Can Living Like Elon Musk Save Boise From A Housing Crisis?
What will save the Boise housing crisis? Are we on the verge of the bubble breaking? Will we start to see house prices crashing down as we did in 2008? There are plenty of new Treasure Valley homeowners hoping that they didn't buy on the high end of a market that is about to crash. Meanwhile, others hope that the market does crash and that they can finally find housing at a reasonable cost.
We don't know what the future holds, but we know that something has to give. The rate of inflation, growing housing costs, and the current gas prices aren't doing the average Boise area family any good. If the market continues to soar, people will be looking for alternative forms of housing. The answer might just be... a box! Not a refrigerator box in an alley behind an 8th Street bar, but a house in a box or shipping container.
Several companies are currently trying to solve the housing crisis for markets like Boise by building nice, affordable housing from shipping containers or a box that is the size of one.
Elon Musk recently sold all of his homes and moved into one of these box homes. He rents land from his spacecraft engineering company, SpaceX, near their test site in Boca Chica, Texas.
Musk's house isn't extravagant, but it has everything the average person needs. It costs $50,000. Yes, $50,000. It has a bedroom, living room, kitchen, and bathroom and is easily expandable by purchasing another $50,000 box. Some add-ons can make the home more expensive, but the first model, the Casita, is just $50,000 and sets up in a day. Each unfolds into a roughly 380 square foot home, which would fall under the City of Boise's Tiny House regulations. The visual of the home being delivered and unfolding is amazing. The single box home sets up in an hour! No wonder there are so many investors jumping on board this North Las Vegas company called, Boxabl. The Boxabl homes can be connected and stacked to create larger floorplans and even a garage. The customization possibilities are seemingly endless.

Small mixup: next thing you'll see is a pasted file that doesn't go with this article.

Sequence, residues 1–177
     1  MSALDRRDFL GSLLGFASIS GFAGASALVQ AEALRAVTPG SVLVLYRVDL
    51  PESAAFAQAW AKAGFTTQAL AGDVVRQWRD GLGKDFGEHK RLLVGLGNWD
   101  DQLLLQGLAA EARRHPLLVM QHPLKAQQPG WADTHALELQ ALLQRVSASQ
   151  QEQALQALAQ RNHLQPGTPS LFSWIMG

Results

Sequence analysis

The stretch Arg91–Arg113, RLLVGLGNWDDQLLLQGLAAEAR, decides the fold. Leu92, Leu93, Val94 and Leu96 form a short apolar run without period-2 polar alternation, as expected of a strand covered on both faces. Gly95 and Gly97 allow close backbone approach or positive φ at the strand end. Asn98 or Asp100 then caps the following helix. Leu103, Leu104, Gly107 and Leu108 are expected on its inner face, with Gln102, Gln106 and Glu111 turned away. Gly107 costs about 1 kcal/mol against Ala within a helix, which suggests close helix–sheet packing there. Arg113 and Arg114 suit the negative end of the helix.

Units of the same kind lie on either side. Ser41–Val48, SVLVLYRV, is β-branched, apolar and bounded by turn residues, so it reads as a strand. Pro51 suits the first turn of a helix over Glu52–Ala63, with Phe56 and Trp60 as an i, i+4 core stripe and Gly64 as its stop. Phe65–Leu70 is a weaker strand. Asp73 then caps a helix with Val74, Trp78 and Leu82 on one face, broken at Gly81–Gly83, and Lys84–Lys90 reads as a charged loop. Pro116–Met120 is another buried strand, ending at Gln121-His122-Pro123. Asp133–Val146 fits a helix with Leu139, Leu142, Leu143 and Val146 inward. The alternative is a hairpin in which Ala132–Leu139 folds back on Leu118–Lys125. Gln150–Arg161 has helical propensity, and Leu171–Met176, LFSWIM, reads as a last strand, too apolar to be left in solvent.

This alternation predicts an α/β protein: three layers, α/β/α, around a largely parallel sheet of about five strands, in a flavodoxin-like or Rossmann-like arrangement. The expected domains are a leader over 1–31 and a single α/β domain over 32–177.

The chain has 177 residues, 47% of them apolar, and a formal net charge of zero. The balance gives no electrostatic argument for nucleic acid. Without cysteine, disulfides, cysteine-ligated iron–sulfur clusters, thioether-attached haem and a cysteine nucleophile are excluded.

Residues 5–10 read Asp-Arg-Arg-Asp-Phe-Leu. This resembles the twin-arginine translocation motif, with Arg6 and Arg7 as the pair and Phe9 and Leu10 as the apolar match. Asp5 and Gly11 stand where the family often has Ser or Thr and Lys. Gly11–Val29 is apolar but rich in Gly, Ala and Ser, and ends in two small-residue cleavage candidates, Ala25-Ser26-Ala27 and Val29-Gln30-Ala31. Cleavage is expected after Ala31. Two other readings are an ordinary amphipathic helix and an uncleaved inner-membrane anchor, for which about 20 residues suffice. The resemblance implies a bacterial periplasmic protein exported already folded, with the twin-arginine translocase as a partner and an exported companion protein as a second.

A Boise-based company approaches the housing crisis differently by building affordable housing from shipping containers. Unlike Boxabl, IndieDwell focuses on multi-family homes. They are currently building four low-income apartment complexes in Los Angeles. They've already built eight single-family homes for LEAP Housing in Boise. LEAP then rents them to low-income families taking care of an elderly family member. The project is called Windy Court, and each home is 960 square feet and has four bedrooms. While that's not a lot of space, it is a far better home that families in these situations can afford on their own. 960 square feet also keep these homes out of Boise's Tiny Home zoning regulations.
IndieDwell is marketing its product for subdivisions. They currently have projects in use in Bellevue, Idaho, Richmond, Virginia, and another project in Boise.
One of IndieDwell's 960 square foot, four-bedroom Boise homes built in 2020 for low-income families now shows an estimated value on Zillow of $452,500. That tells you exactly why finding solutions has become such a priority.